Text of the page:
For inspiration I watched several silent films such as Laurel and Hardy’s famous silent short the lucky dog and Charlie Chaplin’s ‘Talkie’ City lights and took notes on the the typical conventions of both. Initially I thought as ‘The man inside’ is quite dialogue heavy and probably partially to do with the fact I wrote the script that a sound film would be more appropriate and that I would edit it in a similar way to city lights so that I could keep more of the script in. After reading up on audience reactions to the initial introduction of films with sound however, where people felt it ‘had lost its artistic nature’ I decided to take on the challenge of a completely silent film. After taking this eventual approach I realised that the original narrative structure wasn’t actually as far off the genre as I thought and even without sounds the story was simple enough to be understood.
It was very important to me to keep the comedy element from the script. After researching the typical characters of comedy films from the 1920’s it soon became very clear to me how the character of the engineer stood out as a very traditional stock comedic character that you would expect from a film of this century.
A lot of the effectiveness of the man inside in terms of a silent film came down to the actors abilities to express the characters emotions convincingly enough that even without the script the audience not only knows whats going on but can enjoy and engage with the narrative and the relationship between them. Fortunately all of the actors we used did this exceptionally well and it made it a real enjoyment to see the characters come to life in a way I’d never even thought of before when scripting it or well to be honest ever.
In terms of the social elements of this film the context itself would have been controversial for its time so I considered this when editing. I thought about Laura Mulveys Male gaze theory; films of the black and white era were more often than not for a very long time made for men by men. So I considered this too.
It seemed a shame to take out some modern references to Iceland and Ann summers as they added a great deal of characterisation to the original edit but I felt it was pretty necessary to not ruining the atmosphere to take out obvious links to modern day life. Some modern conventions to the Man inside were inevitable and unchangeable to the script such as the lift and the 21st century costumes our actors so I researched into modern silent films to see how I could use this to my advantage.
The Girl Is Mime – Starring Martin Freeman from Tim Bunn was very useful to gain ideas from for my edit not only because it is a modern piece but because it was funny and had also had strong thematic links to the complexities of relationships . The line between humour from the silent era and humour now is gradually becoming apart so I wanted to find a line where my edit could being loyal to its conventions but still appealing to a modern audience.
The black and white conventions – No pun intended (Well maybe)
I wanted my film to replicate one of pre 6o’s/70’s so the first effect I added to the footage was a colour correction. Using Premiere pro i used a combination of a grey tint, Black and white and hue to create an early monochrome effect. As films from that era were projected in the cinema using an often temperamental projector I created a grain and dust effect on photoshop and placed it as an overlay it to create a worn out look.
I researched more into the origins of early cinema and after watching an episode of BBC series ‘Genius of invention’ which focused on the early days of photography, moving pictures and television I was able to think realistically about the types of techniques and conventions that would be expected at the time. For example the documentary revealed how flammable cellulose nitrate film stock was used before the 20’s which was not only easily damaged but often incredibly dangerous as it was prone to combusting inside the projector and burning at very high temperatures.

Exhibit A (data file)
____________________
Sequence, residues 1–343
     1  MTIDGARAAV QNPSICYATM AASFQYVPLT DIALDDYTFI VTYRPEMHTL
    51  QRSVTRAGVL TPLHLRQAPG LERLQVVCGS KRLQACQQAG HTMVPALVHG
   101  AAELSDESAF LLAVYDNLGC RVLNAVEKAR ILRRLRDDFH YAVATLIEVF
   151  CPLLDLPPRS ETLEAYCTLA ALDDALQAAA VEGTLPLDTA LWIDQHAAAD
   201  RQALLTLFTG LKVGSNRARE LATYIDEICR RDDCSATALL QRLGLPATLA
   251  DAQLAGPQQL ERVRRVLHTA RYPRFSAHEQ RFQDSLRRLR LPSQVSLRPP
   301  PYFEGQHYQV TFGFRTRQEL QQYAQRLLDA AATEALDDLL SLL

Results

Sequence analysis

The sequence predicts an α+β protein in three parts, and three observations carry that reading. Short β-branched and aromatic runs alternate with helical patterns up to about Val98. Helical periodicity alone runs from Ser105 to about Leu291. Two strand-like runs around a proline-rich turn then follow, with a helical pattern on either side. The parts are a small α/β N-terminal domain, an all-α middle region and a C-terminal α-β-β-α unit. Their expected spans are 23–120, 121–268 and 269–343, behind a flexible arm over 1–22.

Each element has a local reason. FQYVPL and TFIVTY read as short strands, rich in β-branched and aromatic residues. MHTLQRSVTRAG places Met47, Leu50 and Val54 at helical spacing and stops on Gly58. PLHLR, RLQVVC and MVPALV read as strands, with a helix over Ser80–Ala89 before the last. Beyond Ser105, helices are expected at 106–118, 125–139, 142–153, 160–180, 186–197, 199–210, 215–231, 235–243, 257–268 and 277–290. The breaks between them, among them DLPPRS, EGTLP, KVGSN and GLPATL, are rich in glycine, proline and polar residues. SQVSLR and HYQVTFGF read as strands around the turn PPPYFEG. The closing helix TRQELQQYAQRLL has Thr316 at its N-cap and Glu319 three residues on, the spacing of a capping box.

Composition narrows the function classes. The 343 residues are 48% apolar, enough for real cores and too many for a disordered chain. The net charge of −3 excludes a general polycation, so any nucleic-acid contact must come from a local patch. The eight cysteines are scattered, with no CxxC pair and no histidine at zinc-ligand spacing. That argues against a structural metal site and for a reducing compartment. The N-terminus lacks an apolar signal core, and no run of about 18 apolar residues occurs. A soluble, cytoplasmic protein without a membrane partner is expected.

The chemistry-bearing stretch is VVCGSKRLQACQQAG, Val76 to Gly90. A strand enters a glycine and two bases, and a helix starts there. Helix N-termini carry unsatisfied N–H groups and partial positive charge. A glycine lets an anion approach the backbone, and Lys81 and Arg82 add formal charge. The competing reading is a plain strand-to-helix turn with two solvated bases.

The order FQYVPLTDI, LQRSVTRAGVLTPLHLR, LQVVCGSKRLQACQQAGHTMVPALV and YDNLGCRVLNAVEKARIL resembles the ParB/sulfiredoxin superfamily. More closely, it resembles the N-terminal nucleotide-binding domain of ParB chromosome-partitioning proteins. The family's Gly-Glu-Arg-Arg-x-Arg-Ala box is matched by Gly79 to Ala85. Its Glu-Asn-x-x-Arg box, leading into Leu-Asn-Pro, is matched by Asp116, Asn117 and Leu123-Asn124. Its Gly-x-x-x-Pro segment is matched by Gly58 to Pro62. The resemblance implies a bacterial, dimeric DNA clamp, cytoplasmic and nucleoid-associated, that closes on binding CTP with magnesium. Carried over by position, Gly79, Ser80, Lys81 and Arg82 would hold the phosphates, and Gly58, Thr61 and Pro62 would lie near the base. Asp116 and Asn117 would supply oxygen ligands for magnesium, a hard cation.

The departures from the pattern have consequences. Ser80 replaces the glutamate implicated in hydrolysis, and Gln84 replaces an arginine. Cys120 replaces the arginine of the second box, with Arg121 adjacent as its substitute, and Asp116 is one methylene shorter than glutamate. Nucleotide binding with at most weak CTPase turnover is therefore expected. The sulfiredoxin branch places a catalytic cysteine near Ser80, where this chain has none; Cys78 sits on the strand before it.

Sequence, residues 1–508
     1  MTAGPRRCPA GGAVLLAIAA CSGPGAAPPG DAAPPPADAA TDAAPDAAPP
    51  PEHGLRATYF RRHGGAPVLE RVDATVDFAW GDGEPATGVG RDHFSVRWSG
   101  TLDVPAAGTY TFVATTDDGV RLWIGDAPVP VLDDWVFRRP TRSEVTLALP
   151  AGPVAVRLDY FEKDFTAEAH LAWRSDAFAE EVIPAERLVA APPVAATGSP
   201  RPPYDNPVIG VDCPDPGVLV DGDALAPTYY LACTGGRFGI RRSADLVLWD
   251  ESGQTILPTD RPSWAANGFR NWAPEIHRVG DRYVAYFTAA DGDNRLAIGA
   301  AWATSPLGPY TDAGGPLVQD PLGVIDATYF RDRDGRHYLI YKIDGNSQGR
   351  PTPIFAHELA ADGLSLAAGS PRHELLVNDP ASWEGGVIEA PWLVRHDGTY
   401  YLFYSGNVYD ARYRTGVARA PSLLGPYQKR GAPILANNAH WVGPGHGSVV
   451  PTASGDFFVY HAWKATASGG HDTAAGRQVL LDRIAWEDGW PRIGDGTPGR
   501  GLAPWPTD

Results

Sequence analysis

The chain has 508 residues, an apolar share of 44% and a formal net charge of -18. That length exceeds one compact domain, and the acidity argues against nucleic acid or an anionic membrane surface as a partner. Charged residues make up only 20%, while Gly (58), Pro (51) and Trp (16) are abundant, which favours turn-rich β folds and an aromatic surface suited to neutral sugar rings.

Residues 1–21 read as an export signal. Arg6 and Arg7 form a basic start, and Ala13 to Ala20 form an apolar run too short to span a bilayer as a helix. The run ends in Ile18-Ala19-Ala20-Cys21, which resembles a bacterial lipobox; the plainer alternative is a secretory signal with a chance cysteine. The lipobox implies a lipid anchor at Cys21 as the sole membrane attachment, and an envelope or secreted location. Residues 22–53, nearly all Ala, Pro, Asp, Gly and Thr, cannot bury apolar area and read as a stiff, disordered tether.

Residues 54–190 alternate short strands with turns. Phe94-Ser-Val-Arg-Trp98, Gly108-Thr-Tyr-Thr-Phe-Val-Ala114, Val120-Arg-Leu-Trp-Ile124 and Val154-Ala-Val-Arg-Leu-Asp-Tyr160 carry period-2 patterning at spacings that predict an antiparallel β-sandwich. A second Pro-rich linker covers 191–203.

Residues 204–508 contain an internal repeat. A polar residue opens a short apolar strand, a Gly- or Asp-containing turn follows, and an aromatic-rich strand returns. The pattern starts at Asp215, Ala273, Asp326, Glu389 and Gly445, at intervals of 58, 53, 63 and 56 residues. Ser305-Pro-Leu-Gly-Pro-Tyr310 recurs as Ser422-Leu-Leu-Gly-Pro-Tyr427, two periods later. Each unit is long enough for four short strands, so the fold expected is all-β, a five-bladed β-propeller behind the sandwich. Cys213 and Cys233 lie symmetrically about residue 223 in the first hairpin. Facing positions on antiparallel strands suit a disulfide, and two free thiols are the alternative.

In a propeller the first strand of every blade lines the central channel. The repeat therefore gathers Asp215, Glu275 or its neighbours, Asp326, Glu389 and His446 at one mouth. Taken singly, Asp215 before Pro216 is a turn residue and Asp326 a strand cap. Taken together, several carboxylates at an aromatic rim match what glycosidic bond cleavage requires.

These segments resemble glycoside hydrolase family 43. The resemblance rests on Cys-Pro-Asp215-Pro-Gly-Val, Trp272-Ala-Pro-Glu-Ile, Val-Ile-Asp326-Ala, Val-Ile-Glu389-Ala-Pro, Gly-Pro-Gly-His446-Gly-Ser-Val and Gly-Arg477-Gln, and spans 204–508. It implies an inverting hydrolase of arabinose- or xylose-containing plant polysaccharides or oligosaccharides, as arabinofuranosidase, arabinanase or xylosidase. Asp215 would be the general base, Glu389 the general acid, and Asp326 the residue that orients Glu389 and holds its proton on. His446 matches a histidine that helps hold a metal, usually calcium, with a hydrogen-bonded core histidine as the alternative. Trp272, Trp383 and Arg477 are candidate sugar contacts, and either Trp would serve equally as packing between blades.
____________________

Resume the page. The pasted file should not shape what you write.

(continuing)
From what I learnt from this documentary I consequently included a very brief burn mark with in the footage for authenticity and after learning more about the function and reliability of early projectors I also added a flicker in After effects by wiggling the opacity and position of the footage to (25,1.5) to create an unsteady projection effect.
From my research I discovered that these were important for characterisation in many films. Some films tended to use more descriptive titles with action on even where as others kept titles basic and left the visuals to do the talking alone.
For the man inside I decided to use short and sweet titles to not overload the audience and to make use of how powerful the actors expressions were.
Overall i was very happy with the visuals and whilst learning a lot about the genre and beginning of film I gained a lot of experience with after effects.
I chose a combination of 2 or 3 songs from Randy Johnson taken from an amateur silent film as he is a real pianist who plays for a theatre in colorado as it added a touch of realism and kept with the pace of the visuals well.
Due to the nature of editing pre digital reel, I discovered many of the old films I was watching had unintentional jump cuts where the reel was literally snipped. To create this effect in my own edit I used different takes of footage and used longer takes than would be expected in a modern film. By adjusting the fps several times I was able to confuse premiere pro and create a jumpy editing effect which was not very fluid. That was exactly what I wanted for once.
I have learnt a lot about the typical iconography of silent films that will also help me with other genres. Taking a dialogue heavy script and turning it into a silent film has taught me the important value of simplicity and expression in ways other than words.